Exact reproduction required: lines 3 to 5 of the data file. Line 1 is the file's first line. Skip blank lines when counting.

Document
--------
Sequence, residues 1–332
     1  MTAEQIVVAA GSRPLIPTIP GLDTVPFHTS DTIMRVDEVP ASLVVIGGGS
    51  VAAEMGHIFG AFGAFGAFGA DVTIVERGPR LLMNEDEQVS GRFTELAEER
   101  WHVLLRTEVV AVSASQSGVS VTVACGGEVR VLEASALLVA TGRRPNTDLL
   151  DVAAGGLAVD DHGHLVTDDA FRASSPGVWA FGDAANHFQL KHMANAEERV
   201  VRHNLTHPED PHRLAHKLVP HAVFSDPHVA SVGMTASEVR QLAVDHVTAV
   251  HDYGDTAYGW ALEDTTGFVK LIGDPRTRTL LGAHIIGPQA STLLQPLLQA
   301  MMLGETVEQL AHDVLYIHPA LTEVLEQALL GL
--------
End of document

    51  VAAEMGHIFG AFGAFGAFGA DVTIVERGPR LLMNEDEQVS GRFTELAEER
   101  WHVLLRTEVV AVSASQSGVS VTVACGGEVR VLEASALLVA TGRRPNTDLL
   151  DVAAGGLAVD DHGHLVTDDA FRASSPGVWA FGDAANHFQL KHMANAEERV